Timed to perfection: St George makes new high-grade nickel discovery as metal's price soars
Growth-focused West Australian nickel stock St George Mining Limited (ASX: SGQ) has made a new high-grade nickel-copper sulphide discovery at its flagship Mt Alexander Project, located near Leonora in the north-eastern Goldfields. The discovery at the Radar Prospect comes amid a soaring global nickel price and confirms St George as the most advanced high-grade nickel sulphide explorer on the ASX.
The first hole to be drilled at Radar intersected nickel-copper sulphide mineralisation between 44.2m and 51.7m downhole including intervals of massive nickel-copper sulphides. The core delivered XRF readings of up to 6% nickel and 1.9% copper. Follow-up drilling is being fast-tracked. The Radar discovery comes as the three-month London Metal Exchange nickel price hit a five-year high of $US17,780/t, or about $US8 a pound.
· Thick Zone of High-Grade Nickel-Copper Sulphides intersected in first hole at a new target area of the Cathedrals Belt
· Massive nickel-copper sulphides discovered at shallow depth in first ever drilling at the recently named Radar Prospect
· 7.5m thick mineralised interval from 44.2m downhole in drill hole MAD152
· The Radar Prospect area is concealed by 10m of sand cover, highlighting the effectiveness of EM techniques in detecting sulphide mineralisation (including ‘blind’ targets) in the Cathedrals Belt
· Follow-up drilling to be prioritised as soon as the downhole electromagnetic (DHEM) survey in MAD152 is completed
· The new discovery is located in an area that has never before been drilled, and more than 1km east of the nearest known sulphide mineralisation at the Cathedrals Prospect
· The east-west strike of mineralisation on the Cathedrals Belt is now extended to 5.5km with potential for significant further extensions at the West End Prospect and Fish Hook Prospect, where new EM anomalies have been identified by ongoing EM surveys
MAD152 is the first drill hole at the newly named Radar Prospect and intersected nickel-copper sulphide mineralisation between 44.2m and 51.7m downhole including intervals of massive nickel-copper sulphides.
The hole was drilled to test a new EM conductor identified by EM surveys completed by St George earlier this month. The conductor was initially detected by a Moving Loop EM (MLEM) survey. An optimised follow-up Fixed Loop EM (FLEM) survey confirmed a late-time anomaly, which was modelled with a conductivity of 35,000 Siemens and at a depth of approximately 50m.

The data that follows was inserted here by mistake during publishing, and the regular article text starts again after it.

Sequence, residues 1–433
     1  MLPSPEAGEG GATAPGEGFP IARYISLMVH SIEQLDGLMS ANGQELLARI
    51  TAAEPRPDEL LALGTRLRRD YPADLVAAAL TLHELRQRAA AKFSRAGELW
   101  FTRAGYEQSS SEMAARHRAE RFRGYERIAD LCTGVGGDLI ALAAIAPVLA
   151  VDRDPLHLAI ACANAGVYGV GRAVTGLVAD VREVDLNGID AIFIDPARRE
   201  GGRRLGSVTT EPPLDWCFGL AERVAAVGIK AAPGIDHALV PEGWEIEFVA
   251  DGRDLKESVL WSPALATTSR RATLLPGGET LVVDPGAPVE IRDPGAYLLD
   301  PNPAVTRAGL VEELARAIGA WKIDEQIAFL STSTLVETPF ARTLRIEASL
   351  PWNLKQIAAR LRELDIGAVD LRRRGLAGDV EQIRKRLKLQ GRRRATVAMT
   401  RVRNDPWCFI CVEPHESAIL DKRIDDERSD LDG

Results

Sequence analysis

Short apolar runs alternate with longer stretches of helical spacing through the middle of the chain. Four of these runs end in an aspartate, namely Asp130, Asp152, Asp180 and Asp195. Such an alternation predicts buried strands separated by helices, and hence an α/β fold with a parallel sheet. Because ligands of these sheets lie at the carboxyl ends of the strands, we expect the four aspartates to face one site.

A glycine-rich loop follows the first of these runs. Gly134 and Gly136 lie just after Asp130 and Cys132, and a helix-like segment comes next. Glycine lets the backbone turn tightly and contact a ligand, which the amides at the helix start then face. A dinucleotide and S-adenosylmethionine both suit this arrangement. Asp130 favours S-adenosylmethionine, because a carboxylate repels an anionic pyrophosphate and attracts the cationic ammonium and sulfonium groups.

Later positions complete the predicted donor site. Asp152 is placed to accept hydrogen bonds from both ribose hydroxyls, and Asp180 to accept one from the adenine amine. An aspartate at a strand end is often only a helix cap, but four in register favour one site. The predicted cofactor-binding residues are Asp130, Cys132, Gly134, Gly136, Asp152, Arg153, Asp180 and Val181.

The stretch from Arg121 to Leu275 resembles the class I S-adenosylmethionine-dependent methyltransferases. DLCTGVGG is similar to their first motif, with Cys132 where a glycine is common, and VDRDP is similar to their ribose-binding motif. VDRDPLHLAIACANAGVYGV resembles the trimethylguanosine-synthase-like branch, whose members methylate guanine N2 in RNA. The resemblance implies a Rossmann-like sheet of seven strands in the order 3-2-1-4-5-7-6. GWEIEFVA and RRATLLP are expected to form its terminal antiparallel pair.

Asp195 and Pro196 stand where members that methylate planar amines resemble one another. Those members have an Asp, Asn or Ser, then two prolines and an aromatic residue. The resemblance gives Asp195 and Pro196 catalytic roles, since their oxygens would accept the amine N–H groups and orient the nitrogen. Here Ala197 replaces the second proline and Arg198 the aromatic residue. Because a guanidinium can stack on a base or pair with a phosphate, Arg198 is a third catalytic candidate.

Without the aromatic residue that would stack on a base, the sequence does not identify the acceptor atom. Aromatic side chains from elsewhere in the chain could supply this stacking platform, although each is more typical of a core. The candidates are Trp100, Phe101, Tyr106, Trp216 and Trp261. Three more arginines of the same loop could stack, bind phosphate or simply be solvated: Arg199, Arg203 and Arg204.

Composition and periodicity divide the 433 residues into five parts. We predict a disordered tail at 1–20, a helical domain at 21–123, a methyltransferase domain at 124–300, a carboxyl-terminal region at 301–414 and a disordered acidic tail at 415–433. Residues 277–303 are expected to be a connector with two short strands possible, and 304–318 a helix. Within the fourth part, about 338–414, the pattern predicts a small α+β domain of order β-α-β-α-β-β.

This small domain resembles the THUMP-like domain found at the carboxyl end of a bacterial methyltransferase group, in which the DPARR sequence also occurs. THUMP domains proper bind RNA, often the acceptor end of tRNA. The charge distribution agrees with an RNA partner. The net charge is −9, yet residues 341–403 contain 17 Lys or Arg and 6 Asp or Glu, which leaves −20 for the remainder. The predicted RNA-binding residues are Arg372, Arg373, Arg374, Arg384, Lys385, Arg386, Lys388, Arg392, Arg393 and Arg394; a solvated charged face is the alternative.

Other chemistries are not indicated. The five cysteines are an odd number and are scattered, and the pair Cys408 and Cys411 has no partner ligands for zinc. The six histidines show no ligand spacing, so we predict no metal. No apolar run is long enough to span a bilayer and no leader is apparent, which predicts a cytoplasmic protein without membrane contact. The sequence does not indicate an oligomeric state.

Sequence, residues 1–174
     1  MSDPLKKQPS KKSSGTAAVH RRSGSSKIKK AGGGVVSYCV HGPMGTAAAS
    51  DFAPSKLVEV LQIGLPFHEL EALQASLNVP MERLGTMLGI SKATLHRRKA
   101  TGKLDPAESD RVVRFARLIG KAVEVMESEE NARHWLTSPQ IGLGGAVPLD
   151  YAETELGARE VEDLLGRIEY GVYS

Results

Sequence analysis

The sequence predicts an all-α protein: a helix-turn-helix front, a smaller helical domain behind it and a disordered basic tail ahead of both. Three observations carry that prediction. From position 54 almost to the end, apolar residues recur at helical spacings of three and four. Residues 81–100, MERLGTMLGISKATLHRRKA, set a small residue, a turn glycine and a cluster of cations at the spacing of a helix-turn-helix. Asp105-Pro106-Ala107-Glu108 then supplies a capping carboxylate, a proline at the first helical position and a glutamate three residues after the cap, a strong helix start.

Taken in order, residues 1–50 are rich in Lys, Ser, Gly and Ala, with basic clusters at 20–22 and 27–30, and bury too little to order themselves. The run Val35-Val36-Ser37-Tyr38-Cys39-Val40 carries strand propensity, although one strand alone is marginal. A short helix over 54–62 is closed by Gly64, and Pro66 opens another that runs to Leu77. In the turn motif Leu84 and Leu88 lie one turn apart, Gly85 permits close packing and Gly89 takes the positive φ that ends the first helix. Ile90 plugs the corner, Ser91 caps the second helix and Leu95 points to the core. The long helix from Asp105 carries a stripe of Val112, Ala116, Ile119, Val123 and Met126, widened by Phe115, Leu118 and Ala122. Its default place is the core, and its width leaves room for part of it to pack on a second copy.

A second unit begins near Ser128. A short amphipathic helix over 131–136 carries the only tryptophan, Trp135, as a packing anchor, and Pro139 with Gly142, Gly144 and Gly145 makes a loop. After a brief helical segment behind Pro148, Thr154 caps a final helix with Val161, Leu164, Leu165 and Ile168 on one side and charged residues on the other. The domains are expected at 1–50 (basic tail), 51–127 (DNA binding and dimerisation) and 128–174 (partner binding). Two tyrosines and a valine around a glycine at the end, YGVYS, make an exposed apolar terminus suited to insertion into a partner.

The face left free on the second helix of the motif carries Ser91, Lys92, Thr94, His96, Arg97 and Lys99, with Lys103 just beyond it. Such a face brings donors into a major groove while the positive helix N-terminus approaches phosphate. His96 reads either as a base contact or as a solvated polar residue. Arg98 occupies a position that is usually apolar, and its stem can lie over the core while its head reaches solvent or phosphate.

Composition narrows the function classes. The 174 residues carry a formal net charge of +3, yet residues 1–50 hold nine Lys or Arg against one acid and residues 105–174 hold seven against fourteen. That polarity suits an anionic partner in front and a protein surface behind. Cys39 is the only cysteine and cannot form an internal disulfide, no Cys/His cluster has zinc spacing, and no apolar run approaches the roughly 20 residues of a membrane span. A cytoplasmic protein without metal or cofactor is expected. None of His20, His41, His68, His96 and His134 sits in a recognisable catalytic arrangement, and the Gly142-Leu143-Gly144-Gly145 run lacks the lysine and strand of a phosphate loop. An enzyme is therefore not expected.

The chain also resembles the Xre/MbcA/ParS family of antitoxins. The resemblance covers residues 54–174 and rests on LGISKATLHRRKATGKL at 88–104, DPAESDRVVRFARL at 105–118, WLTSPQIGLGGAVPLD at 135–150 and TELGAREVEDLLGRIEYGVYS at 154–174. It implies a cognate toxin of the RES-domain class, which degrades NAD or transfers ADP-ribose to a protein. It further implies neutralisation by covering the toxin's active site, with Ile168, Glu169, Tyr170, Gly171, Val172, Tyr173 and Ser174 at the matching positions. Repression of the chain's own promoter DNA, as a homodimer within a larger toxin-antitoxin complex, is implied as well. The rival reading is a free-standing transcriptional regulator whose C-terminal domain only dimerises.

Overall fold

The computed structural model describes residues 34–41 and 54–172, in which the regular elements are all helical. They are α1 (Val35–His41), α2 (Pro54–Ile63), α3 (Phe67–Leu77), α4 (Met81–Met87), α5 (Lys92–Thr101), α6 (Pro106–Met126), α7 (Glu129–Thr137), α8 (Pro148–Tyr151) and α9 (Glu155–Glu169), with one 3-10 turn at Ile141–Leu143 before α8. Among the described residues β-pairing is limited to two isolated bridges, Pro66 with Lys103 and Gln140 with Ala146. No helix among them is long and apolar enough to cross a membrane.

A DHEM survey will be completed in MAD152 next week to identify extensions of mineralisation around the hole and to plan follow-up drilling.
The significant intersection in MAD152 represents a new discovery in an unexplored section of the Cathedrals Belt and is important for a number of reasons:
1. It opens up an opportunity to drill out a new high-grade prospect, which along with the advanced Investigators, Stricklands and Cathedrals Prospects, could add substantial volumes of mineralisation to a potential resource at Mt Alexander.
2. It confirms the prospectivity of unexplored areas of the Cathedrals Belt for further high-grade mineralisation:
a) The east-west strike of known high-grade nickel-copper sulphides along the Cathedrals Belt is extended by this discovery to 5.5km, with another 10.5km of the Cathedrals Belt remaining as unexplored or underexplored.
b) In particular, the prospectivity of newly identified EM anomalies at the largely unexplored West End and Fish Hook Prospects – located on the western and eastern extensions of the Cathedrals Belt, respectively – is significantly elevated by the latest success at Radar.
3. It supports the effectiveness of exploration techniques being used at the Cathedrals Belt, particularly the critical role of EM surveys in identifying nickel-copper sulphide targets.
4. The increased strike of high-grade mineralisation along the Cathedrals Belt is indicative of a large mineral system. This not only increases the potential to discover more mineralisation along the east-west strike of the Belt but also at depth, in the down-dip direction and associated with the structures that are interpreted to be the likely source through which mafic/ultramafic intrusions hosting nickel-copper sulphides have passed upwards from the Earth’s mantle.
John Prineas, St George Mining’s Executive Chairman, said: “The discovery of high-grade nickel-copper sulphides with the first ever drill hole in an area with about 10m of transported overburden and more than 1km from the nearest known mineralisation on the Cathedrals Belt is an excellent exploration result and a credit to our technical team.
“The occurrence of high-grade nickel and copper sulphide mineralisation at shallow depths is rare and we are delighted to have further extended the strike of this type of mineralisation along the Cathedrals Belt to an impressive 5.5km.
“With multiple EM conductors still to be drilled, including targets at the unexplored West End and Fish Hook Prospects, we believe there is strong potential for more high-grade nickel-copper sulphide discoveries.”